THE BLOG

Why Our Right To Vote Is The Key To Global Justice

10/04/2017 12:00

If there's one thing global justice activists have given up on, it's the vote. With citizens losing faith in party politics and Green parties far from power, over the past few decades activists and campaigners have increasingly turned to other tools like lobbying, protesting, occupying, petitioning and direct action.

But are they working?

We've certainly succeeded in raising public awareness about many important issues - the women's marches in January 2017 were among some of the largest in US history. But we'd be hard pushed to argue that we've made any substantive impact on the neoliberal juggernaut. Even the 2008 global financial crisis couldn't stop it, despite Occupy and countless petitions and protests.

So it's perhaps not surprising that some activists are beginning to question current approaches. As Micah White, one of the initiators of Occupy, ruefully reflects,

"It may be comforting to believe that Occupy splintered into a thousand shards of light. However, an honest assessment reveals that Occupy Wall Street failed to live up to its revolutionary potential: we did not bring an end to the influence of money on democracy, overthrow the corporatocracy of the 1 percent or solve income inequality."

What White and others are realising, is that ineffectual as voting may seem, protesting, petitioning and occupying don't work either.

As we reflect on this, there's one unexpected lesson we can draw from Brexit and Trump: that voting can be extremely powerful! Just when we thought globalising elites controlled the world, voters in the USA and UK defied them, pulling the electoral rug out from under their feet. Agree or not with the results, we cannot deny that the votes themselves worked. Despite the outcomes being generally against the wishes of global elites, voters are being respected: Trump is in the White House and Article 50 has been triggered. The vote has worked. And that should give us pause for thought. In fact, elites have always feared greater democracy for one simple reason: it delivers!

So how come activists have for decades shunned the vote? Since the 1980s the inability of our votes to effect real change has been evident, and we weren't slow to realise it. But we failed to see why it was happening. We failed to see that, under globalisation, the global free movement of capital destroys democracy because if forces all governments to adopt a competitiveness agenda. Fail to stay competitive and attractive to capital and it'll simply go elsewhere. So that means adopting a very narrow range of centre-right, business-friendly policies; policies that defend or enhance national competitiveness but, by the same token, disadvantage the middle-classes, the poor and the environment. Little wonder that whoever was in power, regulations continued to unravel, corporation taxes down-levelled and the gap between rich and poor continued to widen. With all parties in power constrained to much the same policy straightjacket, it didn't matter much which party we voted for or whether we bothered to vote at all; a phenomenon I've elsewhere described as pseudo-democracy.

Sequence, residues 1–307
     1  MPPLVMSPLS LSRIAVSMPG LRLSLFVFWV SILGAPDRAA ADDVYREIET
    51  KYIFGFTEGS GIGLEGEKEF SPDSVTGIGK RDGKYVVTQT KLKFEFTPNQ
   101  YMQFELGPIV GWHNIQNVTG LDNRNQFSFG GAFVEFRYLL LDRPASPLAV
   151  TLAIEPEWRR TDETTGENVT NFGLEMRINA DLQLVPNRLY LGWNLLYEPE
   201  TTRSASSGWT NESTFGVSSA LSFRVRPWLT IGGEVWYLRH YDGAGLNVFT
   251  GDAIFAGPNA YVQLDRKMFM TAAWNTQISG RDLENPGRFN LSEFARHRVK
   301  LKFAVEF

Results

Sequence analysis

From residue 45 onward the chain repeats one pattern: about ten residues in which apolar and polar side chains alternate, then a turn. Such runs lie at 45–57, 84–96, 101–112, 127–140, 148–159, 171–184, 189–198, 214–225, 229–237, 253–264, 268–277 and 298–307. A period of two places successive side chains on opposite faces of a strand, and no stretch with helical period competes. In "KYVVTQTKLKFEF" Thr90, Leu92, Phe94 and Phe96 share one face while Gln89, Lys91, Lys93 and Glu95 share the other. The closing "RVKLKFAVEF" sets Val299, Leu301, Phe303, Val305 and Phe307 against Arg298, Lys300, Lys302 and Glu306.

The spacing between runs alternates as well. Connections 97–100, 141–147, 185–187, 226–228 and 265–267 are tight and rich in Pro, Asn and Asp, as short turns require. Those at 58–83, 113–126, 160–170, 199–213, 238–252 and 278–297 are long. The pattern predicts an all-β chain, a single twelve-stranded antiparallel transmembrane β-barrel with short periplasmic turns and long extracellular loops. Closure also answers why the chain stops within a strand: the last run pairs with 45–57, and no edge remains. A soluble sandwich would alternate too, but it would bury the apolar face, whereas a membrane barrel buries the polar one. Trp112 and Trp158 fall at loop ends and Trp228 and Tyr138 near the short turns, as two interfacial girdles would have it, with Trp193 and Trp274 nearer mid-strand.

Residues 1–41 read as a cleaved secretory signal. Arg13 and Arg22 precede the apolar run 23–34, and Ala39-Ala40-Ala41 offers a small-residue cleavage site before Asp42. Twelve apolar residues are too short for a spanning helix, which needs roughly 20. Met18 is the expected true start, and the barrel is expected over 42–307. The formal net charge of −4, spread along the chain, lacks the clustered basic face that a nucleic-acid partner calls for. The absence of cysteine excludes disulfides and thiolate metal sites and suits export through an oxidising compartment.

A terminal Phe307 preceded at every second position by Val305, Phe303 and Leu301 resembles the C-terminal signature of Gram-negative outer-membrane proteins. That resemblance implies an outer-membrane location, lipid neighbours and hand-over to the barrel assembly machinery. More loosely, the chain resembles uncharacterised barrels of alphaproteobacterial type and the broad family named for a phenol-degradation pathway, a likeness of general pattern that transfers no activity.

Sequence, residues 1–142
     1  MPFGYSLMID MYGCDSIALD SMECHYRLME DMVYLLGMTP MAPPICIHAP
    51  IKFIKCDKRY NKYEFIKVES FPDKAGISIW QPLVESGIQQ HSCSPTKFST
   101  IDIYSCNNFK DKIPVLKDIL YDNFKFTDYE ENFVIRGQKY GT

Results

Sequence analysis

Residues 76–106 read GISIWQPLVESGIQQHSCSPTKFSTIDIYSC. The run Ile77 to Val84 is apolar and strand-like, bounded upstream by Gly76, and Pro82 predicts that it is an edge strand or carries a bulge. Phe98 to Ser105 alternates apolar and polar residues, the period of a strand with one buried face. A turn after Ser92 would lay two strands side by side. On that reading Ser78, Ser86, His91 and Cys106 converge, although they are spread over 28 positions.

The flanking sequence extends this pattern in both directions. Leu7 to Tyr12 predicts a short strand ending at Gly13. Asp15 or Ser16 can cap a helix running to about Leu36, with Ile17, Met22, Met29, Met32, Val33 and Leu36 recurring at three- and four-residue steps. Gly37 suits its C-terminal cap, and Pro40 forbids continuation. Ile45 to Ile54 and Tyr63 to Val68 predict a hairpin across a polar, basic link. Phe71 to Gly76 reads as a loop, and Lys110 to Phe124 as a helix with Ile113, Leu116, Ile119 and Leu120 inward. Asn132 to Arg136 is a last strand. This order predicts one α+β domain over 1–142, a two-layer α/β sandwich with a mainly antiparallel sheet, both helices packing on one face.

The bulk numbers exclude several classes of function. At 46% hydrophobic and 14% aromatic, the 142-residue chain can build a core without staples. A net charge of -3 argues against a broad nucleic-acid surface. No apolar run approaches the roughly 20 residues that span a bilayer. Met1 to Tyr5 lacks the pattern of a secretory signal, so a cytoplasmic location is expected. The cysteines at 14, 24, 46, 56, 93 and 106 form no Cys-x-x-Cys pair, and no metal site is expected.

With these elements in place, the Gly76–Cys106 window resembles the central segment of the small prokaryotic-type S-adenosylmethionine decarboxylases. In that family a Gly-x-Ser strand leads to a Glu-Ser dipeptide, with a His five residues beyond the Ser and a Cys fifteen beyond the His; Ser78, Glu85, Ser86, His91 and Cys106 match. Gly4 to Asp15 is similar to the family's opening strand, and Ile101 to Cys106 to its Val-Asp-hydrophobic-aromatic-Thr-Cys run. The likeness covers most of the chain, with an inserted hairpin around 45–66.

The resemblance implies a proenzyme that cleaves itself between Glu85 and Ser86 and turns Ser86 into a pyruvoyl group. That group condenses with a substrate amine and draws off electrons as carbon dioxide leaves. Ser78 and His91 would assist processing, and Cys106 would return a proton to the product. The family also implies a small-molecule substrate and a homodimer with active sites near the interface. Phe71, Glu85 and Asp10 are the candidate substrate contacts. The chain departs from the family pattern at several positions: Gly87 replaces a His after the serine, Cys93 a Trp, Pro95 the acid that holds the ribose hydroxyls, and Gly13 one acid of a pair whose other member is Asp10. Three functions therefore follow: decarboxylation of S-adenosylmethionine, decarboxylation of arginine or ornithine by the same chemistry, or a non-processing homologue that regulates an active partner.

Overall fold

Pseudo-democracy appears to justify shunning the ballot box, but we failed to see that it makes protesting, lobbying and petitioning equally ineffective too. Protest, lobby and occupy as much as you like, but no government will risk its national economic competitiveness! That, indeed, is why the neoliberal juggernaut only keeps rolling on.

But before we give up on voting, consider these two points: First, Trump and Brexit show that voting works. Second, you may not know that in the run-up to the last UK general election, a relatively small number of UK citizens decided to use their right to vote in a completely new way that turns pseudo-democracy on its head. The mainstream media failed to pick up on it, but this small pioneering group of citizens succeeded in getting over 600 candidates from all the main UK political parties to pledge to implement a range of global justice policies alongside other governments. Of those 600, 30 were elected to Parliament. While the Green Party still has only 1 MP, this new campaign already has the support of 30! In the most recent European, Irish and Australian elections comparable results were achieved by a similarly small number of citizens. A few voters thus caused a relatively large number of politicians to support their agenda. And the tool they used was the vote!

My new book The Simpol Solution explains how they did it. Voting isn't dead, then, it just needs fresh thinking. Instead of taking for granted that the only way to use it is to cast it for one party or another, the book explains that these forward-thinking citizens had other ideas. As Noam Chomsky said of it, "It's ambitious and provocative. Can it work? Certainly worth a serious try."

When we take on board that globalisation has rendered both protest and the standard way of voting substantially futile, the paradox is that the new way of thinking I outline in the book leaves us liberated and transformed: radically free to use our right to vote in a truly effective and powerful way. The Brexiteers and Trump supporters have already used theirs. For the sake of the planet, isn't it time we learned how to use ours?

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